Book Review: “Good to Great,” by Jim Collins

Kelly Green

"Good to Great" by Jim Collins offers many classic concepts that have helped me through my career. The concepts are not necessarily surprising, but they are backed by the evidence of a scientific study.

Great companies are set apart from good businesses by focusing on disciplined people, disciplined thought, disciplined action and the flywheel. It wasn't too surprising to read that a great organization must first be led by a great leader. Collins describes the five levels of leadership, with Level 5 leading for the good of the company and not for self-interest. Interestingly, many Level 5 leaders attribute their success to good luck.

What's next? Getting the right people on the bus, of course. And just as importantly, getting the wrong people off the bus. You can't ask where we are going or what we are doing until the right people are on the bus. Collins quoted one Wells Fargo executive: "The only way to deliver to the people who are achieving is to not burden them with the people who are not achieving."

Only then can a company create an environment where the team feels comfortable to be brutally honest and have the opportunity to be heard. The Stockdale Paradox is that you must retain faith that you will prevail in the end, regardless of the difficulties, and at the same time, you must confront the most brutal facts of your current reality, whatever they may be. Collins found that spending time and energy trying to motivate people is a waste of effort. The right people will be self-motivated.

Are you a hedgehog or a fox? This is an interesting essay which grew into Collins' Hedgehog concept. This concept helps organizations understand their core business. Now that KLG Engineering is in its fifth year, I've been thinking a lot about our core business and what will that look like over the next five years.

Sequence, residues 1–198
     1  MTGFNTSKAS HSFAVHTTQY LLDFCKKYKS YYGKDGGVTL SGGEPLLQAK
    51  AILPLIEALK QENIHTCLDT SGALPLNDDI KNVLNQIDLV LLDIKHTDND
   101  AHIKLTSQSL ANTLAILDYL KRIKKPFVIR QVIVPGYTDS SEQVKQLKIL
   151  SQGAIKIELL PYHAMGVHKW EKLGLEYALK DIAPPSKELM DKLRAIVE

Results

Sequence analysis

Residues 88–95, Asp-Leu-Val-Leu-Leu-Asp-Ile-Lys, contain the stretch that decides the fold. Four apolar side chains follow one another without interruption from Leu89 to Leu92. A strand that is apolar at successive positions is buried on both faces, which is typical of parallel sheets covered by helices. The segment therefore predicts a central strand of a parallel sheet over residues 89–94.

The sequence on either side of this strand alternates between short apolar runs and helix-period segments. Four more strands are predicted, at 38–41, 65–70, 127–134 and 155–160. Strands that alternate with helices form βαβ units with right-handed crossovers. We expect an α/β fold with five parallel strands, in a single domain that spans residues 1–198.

Collins then notes the importance of discipline. He states, "Most companies build their bureaucratic rules to manage the small percentage of wrong people on the bus, which in turn drives away the right people on the bus, which increases the need for more bureaucracy to compensate for incompetence and lack of discipline, which then further drives the right people away, and so forth." Business owners must avoid this bureaucracy and create a culture of discipline, instead. Organizations should create a "stop doing" list. Unplug all of the extraneous junk and stay disciplined.

The final part of the link is technology. Collins was surprised to learn that the majority of great executives did not mention technology as one of the top factors of being a greater business. Technology is certainly important, but it was not the primary cause of the businesses going from good to great.

When a business gets all of these concepts perfected and continues in a persistent effort one year after another, the momentum becomes great, like a flywheel. Then there is a breakthrough. The good to great companies did not have one single defining action. They became great with the turn of the flywheel, which "adds up to sustained and spectacular results."

Regardless of our business, I think we can all relate to these important concepts and agree disciplined people, disciplined thought and disciplined action will prove successful results. In my experience, it's rare to have all of these concepts come together within one organization. We either have a great team or a great strategy or a great leader, but very rarely do we see all of the concepts and discipline working together at the same time. As a business owner, I strive for Collins' description of a great company. As KLG Engineering continues to grow, I will continue to focus on implementing these concepts.